4 Insufficient absorption of the landing impact by the Telemark, or Telemark position is not
maintained until the end of the landing process (instability, too stiff or not fully executed
Telemark position)
learning method for the identification of style errors
and faulty motion executions.
4.2.1 Motion Features
Research in activity recognition from wearable sen-
sor data has resulted in a wide variety of possible
feature transformations such as statistical raw-signal
based features, event-based features, multilevel fea-
tures derived from clustered statistical occurrences
and kinematic body motion information (Bulling
et al., 2014). Many processing methods used in the
context of sports focus on low-level signal-based fea-
tures and extract information directly from the raw
sensor data (Milosevic and Farella, 2015; Dadashi
et al., 2014; Ghasemzadeh and Jafari, 2011). In
this study, we focused on body-model features de-
scribed by positional and angular data or relations be-
tween body parts and body joints. The reason for this
choice was that such motion property time-series’
were closest related to the biomechanical description
of the style criteria C. Besides, temporal execution of
a motion as well as correct timing of key motion pat-
terns are very important aspects of motor skill and the
training of motor sequences.
For the following investigations, we designed a
universal set of body-model features F
that could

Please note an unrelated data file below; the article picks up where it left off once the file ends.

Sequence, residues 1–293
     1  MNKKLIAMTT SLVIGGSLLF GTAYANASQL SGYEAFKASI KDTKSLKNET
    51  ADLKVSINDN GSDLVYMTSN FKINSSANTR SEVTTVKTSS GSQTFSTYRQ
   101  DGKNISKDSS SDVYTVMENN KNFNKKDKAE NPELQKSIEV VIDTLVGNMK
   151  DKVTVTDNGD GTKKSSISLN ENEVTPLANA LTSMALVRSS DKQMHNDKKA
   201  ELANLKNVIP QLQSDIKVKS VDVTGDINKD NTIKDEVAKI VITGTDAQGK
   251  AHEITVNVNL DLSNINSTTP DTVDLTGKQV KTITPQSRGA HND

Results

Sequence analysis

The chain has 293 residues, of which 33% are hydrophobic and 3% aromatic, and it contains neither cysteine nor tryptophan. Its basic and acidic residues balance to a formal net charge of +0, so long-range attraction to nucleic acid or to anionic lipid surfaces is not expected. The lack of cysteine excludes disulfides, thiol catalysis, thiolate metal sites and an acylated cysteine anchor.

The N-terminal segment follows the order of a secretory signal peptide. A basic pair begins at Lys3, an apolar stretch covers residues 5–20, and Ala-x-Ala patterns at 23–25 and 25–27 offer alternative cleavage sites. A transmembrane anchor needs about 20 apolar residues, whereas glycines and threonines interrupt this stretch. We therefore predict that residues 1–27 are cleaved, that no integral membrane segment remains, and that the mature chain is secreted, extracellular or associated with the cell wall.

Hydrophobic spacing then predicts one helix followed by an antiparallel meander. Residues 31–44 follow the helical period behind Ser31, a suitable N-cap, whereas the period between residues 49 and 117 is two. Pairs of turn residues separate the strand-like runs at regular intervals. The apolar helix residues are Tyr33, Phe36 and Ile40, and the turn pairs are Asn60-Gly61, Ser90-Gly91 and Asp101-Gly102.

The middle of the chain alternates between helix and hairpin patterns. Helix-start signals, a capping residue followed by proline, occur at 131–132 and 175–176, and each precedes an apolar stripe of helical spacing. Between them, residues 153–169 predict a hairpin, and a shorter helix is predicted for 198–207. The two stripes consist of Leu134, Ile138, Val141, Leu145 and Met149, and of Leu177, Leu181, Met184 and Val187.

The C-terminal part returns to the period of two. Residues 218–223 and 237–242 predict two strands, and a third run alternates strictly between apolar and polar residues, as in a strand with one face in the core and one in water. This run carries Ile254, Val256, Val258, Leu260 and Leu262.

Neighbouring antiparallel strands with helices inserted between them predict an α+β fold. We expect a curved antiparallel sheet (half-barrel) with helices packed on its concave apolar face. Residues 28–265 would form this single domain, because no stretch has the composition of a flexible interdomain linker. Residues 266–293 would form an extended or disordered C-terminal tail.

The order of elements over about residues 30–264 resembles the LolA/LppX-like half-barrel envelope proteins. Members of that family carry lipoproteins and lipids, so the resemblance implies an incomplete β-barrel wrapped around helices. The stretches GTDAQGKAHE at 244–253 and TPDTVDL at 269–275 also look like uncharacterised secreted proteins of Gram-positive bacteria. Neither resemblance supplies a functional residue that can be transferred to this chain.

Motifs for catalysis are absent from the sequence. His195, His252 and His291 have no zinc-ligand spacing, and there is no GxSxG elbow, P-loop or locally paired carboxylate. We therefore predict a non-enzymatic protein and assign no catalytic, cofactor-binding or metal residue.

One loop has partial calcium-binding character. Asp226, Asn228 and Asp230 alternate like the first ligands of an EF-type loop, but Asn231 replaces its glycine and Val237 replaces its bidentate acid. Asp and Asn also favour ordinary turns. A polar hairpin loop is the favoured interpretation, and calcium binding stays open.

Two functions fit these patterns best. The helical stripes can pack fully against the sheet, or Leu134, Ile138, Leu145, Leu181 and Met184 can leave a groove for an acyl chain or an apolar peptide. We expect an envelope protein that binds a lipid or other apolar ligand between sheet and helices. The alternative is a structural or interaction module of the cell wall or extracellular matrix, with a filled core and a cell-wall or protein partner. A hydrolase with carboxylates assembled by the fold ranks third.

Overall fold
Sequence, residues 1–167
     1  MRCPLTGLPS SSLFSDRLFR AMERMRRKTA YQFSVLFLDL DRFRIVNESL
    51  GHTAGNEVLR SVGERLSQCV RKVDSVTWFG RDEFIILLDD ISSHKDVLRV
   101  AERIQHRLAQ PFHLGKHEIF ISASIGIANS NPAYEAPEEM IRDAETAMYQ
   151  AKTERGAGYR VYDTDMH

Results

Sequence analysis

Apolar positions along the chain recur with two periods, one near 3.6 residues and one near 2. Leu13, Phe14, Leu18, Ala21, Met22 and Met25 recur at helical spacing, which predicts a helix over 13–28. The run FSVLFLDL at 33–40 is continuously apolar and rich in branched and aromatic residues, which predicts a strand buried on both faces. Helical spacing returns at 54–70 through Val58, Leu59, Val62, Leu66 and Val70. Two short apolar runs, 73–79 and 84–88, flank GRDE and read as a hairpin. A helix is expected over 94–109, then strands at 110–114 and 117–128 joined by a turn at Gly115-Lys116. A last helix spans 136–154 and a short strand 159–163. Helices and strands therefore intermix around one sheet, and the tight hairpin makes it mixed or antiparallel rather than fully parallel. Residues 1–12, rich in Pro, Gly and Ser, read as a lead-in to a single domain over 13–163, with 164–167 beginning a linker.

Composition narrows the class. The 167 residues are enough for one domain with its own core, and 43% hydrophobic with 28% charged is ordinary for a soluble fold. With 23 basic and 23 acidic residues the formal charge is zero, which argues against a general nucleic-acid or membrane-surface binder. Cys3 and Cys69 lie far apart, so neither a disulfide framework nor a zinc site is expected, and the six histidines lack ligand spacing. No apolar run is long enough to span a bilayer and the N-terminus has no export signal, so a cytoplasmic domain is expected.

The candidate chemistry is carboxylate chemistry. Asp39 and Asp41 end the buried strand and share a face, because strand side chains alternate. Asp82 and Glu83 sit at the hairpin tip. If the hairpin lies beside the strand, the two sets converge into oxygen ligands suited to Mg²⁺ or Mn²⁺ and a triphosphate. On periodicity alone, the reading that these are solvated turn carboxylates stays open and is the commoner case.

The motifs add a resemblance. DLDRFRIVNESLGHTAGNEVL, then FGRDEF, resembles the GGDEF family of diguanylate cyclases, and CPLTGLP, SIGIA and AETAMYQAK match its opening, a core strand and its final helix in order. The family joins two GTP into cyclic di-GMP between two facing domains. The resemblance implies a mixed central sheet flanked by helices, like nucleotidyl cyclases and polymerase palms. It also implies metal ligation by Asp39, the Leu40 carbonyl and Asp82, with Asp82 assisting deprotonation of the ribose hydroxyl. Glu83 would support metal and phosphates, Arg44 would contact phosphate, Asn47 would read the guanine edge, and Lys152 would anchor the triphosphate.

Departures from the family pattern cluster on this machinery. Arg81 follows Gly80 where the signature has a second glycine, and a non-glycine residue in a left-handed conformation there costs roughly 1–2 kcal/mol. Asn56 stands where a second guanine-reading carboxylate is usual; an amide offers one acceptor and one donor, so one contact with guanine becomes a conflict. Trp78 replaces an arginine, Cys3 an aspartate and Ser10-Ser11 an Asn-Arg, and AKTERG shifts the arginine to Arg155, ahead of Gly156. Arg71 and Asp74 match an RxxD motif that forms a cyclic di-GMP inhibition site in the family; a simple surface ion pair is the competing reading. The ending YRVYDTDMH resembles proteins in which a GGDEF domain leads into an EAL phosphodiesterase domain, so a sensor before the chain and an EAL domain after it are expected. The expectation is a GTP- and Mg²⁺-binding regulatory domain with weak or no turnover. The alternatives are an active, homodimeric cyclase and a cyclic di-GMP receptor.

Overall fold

also be used in similar applications for any other
movement or sports data (Helten et al., 2011). In
concrete, those features constituted the body kinemat-
ics obtained from the data processing framework (F
and F
), but also included further kinematic motion
information built from angular and positional rela-
tions between certain segments and joints (F
) (Table 2).
was computed from the angular information
Table 2: Description of the chosen (time-series) body model
features F
with their feature ID for the respective three
sensor axes.
ID Type Description
φ, θ, ψ Roll, Pitch and Yaw in
the global coordinate
, y
, z
Segment end (joint)
position in the global
x,y,z coordinate frame
Angle between neigh-
boring body segments
s1 and s2
j1, j2
, y
j1, j2
, z
j1, j2
Relative position dif-
ferences of joints j1
and j2
of two spatially related, neighboring body segments
and comprised the joint angles of highest influence
on the aerodynamic effects of a ski jump: hip, knee,
shoulder, ski elevation, ski opening and arm opening
angle. For F
, the positional relations between right
and left body parts (shoulder,hands, hip, feet, ski tips)
along all three axes were used. Every feature was fur-
thermore rescaled to the interval [0, 1]. This rescaling